Sometimes a day of mostly physical work outdoors can be immensely satisfying. Today was one of those.
The dew had dried enough to start mowing by 8 this morning. Buck hefted the heavy container of gas and filled the little riding mower for me, and then he grabbed a peanut butter sandwich and headed over to the Sugar Shack to supervise some fellows who were dumping several tons of white, crushed phosphate rock from the driveway all the way to the back door there. The gravel adds eye appeal, and has the practical benefit of providing a parking pad and clean path to get into the house without trudging through dirt or sand.
I mowed for an hour, and was able to get all of the front, the sides, and part of the back. The front yard is mostly planted oats, wheat and rye, but there are portions and swaths of centipeed. In another month, it will be time for Buck to disk under the oats, wheat and rye, spread fertilizer and lime, and plant a new crop of seeds.
Our friend, Harold, has helped with that planting day for years. I would like to think he will be able to join us this year, too, but he may still be in recovery mode. Harold had surgery yesterday to remove a portion of a cancerous right kidney. Buck and I sat with he and Louise and several other of Harold's friends before his name was called.
At 9, I cut off the mower and hit the shower. I had a hair appointment at 10, and you better believe I didn't want to miss that.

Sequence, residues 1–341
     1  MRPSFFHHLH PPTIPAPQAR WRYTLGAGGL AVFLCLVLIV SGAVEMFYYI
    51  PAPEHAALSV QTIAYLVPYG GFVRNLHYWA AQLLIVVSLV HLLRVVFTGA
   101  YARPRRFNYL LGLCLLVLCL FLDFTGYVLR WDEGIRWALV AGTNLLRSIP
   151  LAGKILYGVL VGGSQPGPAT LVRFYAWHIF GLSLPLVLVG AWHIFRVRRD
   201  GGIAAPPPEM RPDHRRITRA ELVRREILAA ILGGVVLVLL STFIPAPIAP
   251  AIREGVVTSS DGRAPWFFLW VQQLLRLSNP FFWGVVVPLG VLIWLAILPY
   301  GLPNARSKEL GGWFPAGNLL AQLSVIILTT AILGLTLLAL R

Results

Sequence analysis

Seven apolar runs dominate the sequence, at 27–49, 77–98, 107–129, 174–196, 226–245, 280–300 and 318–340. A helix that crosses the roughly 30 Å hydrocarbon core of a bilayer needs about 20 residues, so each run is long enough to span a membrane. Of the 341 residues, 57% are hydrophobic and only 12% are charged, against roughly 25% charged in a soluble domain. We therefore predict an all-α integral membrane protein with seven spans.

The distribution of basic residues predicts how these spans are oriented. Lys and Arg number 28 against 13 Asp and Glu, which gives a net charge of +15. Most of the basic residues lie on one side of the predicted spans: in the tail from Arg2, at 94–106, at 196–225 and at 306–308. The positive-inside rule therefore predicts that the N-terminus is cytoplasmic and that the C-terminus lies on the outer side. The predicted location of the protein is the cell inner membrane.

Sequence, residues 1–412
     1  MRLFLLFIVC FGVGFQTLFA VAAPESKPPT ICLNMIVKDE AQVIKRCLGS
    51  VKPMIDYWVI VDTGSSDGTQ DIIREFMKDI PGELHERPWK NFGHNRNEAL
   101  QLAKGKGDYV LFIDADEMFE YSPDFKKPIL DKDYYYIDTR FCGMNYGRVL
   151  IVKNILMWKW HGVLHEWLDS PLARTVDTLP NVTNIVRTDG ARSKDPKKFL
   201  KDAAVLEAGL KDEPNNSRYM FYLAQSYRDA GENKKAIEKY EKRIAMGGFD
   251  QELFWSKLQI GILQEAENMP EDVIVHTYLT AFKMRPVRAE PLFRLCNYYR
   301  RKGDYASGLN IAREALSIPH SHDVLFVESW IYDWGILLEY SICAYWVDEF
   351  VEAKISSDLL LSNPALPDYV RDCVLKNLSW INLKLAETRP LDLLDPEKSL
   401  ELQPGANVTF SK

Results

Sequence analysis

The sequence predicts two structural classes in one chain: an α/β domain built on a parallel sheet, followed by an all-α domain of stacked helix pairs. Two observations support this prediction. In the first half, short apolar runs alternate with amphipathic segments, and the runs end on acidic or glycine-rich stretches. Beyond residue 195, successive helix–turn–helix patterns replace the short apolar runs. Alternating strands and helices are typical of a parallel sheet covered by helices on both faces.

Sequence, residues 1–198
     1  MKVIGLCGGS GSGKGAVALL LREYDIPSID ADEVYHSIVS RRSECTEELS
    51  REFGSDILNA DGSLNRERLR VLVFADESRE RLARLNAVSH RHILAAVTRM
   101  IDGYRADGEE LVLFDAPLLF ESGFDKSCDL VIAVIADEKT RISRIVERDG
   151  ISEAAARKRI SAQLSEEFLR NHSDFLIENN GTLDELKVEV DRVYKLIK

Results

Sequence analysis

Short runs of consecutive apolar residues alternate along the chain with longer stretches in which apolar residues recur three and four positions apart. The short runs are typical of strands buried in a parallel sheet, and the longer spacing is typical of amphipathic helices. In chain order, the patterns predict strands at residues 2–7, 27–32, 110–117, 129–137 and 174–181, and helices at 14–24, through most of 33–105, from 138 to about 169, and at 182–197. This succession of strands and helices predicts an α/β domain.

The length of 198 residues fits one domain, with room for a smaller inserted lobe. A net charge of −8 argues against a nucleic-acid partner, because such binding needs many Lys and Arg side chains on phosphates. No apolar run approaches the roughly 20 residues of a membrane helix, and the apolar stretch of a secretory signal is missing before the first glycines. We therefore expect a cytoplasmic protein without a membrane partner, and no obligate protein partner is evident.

I got lucky. My friend and hair stylist, Michelle Kuehmeier, was late, so a receptionist ushered me to "The Relaxation Room." This salon, LeSan, has all sorts of spa treatments, too, although so far I have not availed myself of any of them. The room was dimly lit, illuminated mostly by flickering light from an electric fireplace (no heat, only light). The heavy, soft leather furniture was squishy and comfortable. I fixed myself a mug of chai green tea, sat back in one of the leather chairs, and became aware of quiet music playing. It sounded like a spiritual waterfall.
When Michelle came in about 15 minutes later and began apologizing for being late, I said, "Are you kidding? I would pay to come in here several times a week and just sit. This is wonderful."
Late this afternoon, I finished mowing the back yard, while Buck worked with Harvey and Mike to spread hot mix asphalt millings on places in our road between gate and house where heavy rains have rutted it and made holes.